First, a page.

Rooting Was Easier This Time
This is not the first time a device has been rooted prior to its release (by means of a leaked release candidate of the SGS3 firmware), but apparently it was actually easier to achieve root on Samsung’s latest flagship than it was on previous Samsung Galaxy S generations. Chainfire said on his XDA thread that Samsung is using the standard boot.img format for its stock kernel (as it does in the Galaxy Nexus) rather than the zImage format that prior Galaxy S versions featured.
This format is easier to repackage as a rooted boot image, which, as Chainfire’s post on XDA said, “any serious dev on this board can do the same thing in 10 minutes.” Don’t expect the “insecure” kernel posted in that thread to be the final rooting solution after the device is released, though. Likely rooting, in its final form, will involve flashing a custom recovery like ClockworkMod through Odin and achieving root through that recovery, since it’s firmware independent.
Leaked Firmware Now Available
The XDA thread now contains the leaked, rooted firmware, so those of you who get the SGS3 will already have root access waiting for you. Also, those of you who want to copy apk's and test them on other ROMs are sure to have a field day, though much of the reaction to S-Voice expressed by devs and rooted users alike has been less than encouraging. Apparently, the issue is not as much with bugs or porting issues as it is with the flaws and inaccuracies of the voice-recognition technology itself.
I imagine that other features such as the ripple lockscreen and the improved camera software will soon find its way to other devices, especially the Galaxy Nexus. However, other features such as the picture-in-picture video player that allows for watching videos in a small popup window while you perform other tasks, will likely be far more difficult to port.
It should be noted that the firmware and kernel posted by Chainfire are only for the international version of the SGS3. U.S. versions of the SGS3, featuring different CPU/GPU chipsets, will likely also feature different kernels and different firmware.
Will This Root Remain?
Since the firmware leak was of a release candidate, Samsung still has the option of changing its bootloaders and kernel to block this root method, though this is rather unlikely. The trend, being pushed primarily by U.S. carriers, has been for Android phone manufacturers to lock down their phones in order to prevent custom kernels from being installed, so it remains to be seen if Samsung will fall in line with other major OEMs Motorola and HTC in locking down its bootloaders.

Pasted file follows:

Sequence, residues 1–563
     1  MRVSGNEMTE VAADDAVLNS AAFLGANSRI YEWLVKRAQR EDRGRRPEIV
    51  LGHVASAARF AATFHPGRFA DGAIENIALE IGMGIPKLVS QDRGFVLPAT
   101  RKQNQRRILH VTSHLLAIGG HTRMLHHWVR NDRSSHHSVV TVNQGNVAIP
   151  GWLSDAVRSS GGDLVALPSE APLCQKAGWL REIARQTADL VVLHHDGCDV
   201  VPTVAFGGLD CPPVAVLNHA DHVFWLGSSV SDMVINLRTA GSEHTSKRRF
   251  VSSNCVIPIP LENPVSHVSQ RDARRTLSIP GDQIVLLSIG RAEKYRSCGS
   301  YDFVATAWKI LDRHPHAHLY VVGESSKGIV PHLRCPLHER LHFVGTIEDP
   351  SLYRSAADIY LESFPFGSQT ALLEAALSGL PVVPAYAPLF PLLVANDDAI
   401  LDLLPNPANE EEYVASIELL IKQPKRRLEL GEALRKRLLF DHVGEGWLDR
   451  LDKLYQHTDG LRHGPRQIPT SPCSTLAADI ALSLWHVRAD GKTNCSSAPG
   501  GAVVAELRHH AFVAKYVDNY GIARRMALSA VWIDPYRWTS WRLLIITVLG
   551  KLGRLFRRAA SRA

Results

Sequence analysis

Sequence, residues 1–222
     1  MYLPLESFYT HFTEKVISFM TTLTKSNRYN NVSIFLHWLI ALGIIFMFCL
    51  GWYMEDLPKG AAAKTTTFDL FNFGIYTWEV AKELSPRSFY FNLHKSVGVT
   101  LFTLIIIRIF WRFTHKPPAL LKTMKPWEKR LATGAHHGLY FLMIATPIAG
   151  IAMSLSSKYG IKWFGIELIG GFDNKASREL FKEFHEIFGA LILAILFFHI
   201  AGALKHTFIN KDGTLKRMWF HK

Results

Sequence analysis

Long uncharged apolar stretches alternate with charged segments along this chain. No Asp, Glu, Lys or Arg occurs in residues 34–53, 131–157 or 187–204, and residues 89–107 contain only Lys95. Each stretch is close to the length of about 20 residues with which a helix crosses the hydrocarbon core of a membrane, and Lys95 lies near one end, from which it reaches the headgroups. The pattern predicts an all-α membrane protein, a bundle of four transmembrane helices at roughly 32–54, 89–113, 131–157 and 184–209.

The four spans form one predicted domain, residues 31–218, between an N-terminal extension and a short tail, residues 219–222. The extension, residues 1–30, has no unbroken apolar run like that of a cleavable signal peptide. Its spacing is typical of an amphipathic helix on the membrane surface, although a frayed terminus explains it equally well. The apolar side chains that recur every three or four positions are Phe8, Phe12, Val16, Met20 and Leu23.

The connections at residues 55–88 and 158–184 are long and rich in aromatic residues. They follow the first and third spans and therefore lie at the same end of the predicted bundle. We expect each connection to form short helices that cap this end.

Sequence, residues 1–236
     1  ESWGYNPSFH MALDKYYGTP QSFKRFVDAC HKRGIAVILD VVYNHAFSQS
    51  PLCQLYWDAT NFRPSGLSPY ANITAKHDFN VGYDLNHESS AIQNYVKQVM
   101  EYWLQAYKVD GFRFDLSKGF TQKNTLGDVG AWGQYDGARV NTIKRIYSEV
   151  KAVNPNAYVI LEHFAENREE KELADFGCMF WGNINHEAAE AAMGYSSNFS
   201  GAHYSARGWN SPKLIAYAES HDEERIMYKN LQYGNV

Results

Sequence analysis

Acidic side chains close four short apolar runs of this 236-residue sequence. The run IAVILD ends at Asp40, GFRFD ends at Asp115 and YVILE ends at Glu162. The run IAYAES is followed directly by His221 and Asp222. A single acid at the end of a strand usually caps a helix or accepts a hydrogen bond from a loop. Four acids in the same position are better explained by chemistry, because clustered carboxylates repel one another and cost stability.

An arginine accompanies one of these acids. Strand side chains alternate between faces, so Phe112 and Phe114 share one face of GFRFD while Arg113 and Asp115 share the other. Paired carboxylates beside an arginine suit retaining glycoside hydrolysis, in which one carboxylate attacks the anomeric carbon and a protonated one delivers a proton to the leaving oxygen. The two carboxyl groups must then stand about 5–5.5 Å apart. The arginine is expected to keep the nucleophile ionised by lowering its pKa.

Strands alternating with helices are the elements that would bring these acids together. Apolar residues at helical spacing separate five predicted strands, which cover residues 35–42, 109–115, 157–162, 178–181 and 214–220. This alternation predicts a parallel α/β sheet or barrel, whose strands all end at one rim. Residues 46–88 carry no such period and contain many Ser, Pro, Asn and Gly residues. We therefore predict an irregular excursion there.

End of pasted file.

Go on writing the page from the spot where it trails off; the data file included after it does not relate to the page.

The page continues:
HTC and Motorola have made token efforts to reach out to the developer community (HTC making more serious efforts than Motorola) by providing unlock methods for their phones. For example, Motorola provided an unlock method for its international RAZR phones, but its Verizon devices remain locked. Meanwhile, HTC has provided unlock solutions for most of its phones, even in the U.S., but the AT&T version of the One X remains locked.
Out of the three major Android phone manufacturers in the U.S. market, Samsung has been the lone holdout from locking its bootloaders. Hopefully this will not change with the domestic release of the Galaxy S3, but pressure on manufacturers from the carriers (especially AT&T and Verizon) to lock their phones down remains intense. Still, it is highly unlikely that Samsung would make such a drastic change so late in the game.
Update: S-Voice Gets Silenced
Just this morning, PhoneArena reported that Samsung has blocked its Vlingo-powered S-Voice service to devices other than the SGS3, which means that if you downloaded the app pulled from the firmware leak, you'll find a deafening silence to greet you. Until some elite hacker finds a way to spoof the app into thinking your phone actually is a SGS3, you'll have to settle for an alternative voice assistant app.